Scientists can do things with the data like look at how populations have changed at a local level, as well as, at broader scales over the last century. By combining the count data with other data, such as climate data or land use data, scientists can also look at questions related to how climate change or habitat change impacts bird populations. Without this data we would have only short-term, very localized snapshots of what bird populations looked like in the past.
However, because the Christmas Bird Count spans such a long time period and such a large geographical area, we now have this very broad, very rich trove of data. This dataset is priceless and can never be re-created because we don’t have a time machine to let us go back and see those historical bird populations for ourselves.
If you want to see examples of how scientists have used the data, the Audubon Society has a list of papers based on Christmas Bird Count data. However, scientists aren’t the only ones who can use the data. The Audubon Society has created a tool that anyone can use to track the trends of a given bird species over the last approximately 50 years. You can look at these trends at continental, regional, and state levels. There are also options for anyone who is interested in the historical data to dig into it a little more. This can be fun to play with and see how the winter bird populations near you have changed over the years.
Who can participate and how do you become involved?
One of the amazing things about the Christmas Bird Count is that the vast majority of people participating in it have no scientific training or formal training related to birds. They are often just normal, everyday people who love birds and have taught themselves how to identify the different species they see and hear.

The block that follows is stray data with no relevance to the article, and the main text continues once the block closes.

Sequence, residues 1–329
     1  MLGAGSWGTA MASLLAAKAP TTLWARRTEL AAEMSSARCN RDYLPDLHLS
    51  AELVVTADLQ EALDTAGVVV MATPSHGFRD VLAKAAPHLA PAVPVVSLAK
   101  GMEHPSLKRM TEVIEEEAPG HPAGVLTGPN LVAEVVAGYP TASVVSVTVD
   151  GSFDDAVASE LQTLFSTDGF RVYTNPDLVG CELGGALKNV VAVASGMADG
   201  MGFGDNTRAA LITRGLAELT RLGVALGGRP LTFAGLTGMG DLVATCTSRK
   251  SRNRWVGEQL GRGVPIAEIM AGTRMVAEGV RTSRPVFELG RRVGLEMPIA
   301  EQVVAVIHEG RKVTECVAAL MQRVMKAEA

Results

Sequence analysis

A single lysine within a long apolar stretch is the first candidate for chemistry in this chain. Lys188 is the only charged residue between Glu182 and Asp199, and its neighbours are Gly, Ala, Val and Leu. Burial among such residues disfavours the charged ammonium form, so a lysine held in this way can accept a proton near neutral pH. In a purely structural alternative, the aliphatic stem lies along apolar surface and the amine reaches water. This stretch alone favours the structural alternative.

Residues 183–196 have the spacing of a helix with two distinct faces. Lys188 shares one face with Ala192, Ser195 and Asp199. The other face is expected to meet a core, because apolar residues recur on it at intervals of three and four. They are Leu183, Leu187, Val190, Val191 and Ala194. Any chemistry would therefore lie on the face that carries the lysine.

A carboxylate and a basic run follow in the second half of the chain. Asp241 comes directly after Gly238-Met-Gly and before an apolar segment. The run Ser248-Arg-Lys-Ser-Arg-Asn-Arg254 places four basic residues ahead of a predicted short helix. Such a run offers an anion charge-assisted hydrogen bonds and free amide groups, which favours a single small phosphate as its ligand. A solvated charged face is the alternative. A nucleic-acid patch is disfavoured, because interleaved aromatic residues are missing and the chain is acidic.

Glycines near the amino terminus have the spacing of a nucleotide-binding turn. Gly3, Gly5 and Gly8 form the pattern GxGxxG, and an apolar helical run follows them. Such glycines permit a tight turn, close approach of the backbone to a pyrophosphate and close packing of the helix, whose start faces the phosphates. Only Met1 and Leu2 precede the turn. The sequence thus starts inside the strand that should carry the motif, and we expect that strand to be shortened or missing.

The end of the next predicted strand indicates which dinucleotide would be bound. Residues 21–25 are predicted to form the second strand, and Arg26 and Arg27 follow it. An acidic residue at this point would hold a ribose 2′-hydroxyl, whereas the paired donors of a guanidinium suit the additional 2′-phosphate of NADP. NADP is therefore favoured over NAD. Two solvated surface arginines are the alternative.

While experienced birdwatchers take lead rolls in the individual counts, often times eager, but less experienced birdwatchers are welcome to participate in the count. Without new birdwatchers who want to learn and participate in the count, then there will be no one to continue adding to this treasure-trove of information over the next hundred years. In other words, anyone who is interested in birds and wants to participate has the opportunity to do so.
To learn more about the Christmas Bird Count, you can go to the Audubon Christmas Bird Count website. More information about participating in a Christmas Bird Count near you, including a link to a map showing all the current count locations can be found at https://www.audubon.org/conservation/join-christmas-bird-count.
Backyard Ecology: Creating Space for Pollinators and Wildlife
Nature isn’t just “out there.” It’s all around us, including right outside our doors. Hi, my name is Shannon Trimboli, and I am the host of Backyard Ecology. I live in southcentral Kentucky and am a wildlife biologist, educator, author, beekeeper, and owner of a nursery specializing in plants for pollinators and wildlife conservation. I started Backyard Ecology as a way to share my love of exploring nature and learning about different plants and animals. I invite you to join me as we ignite our curiosity and natural wonder, explore our yards and communities, and improve our local pollinator and wildlife habitat. Learn more or subscribe to my email list at www.backyardecology.net.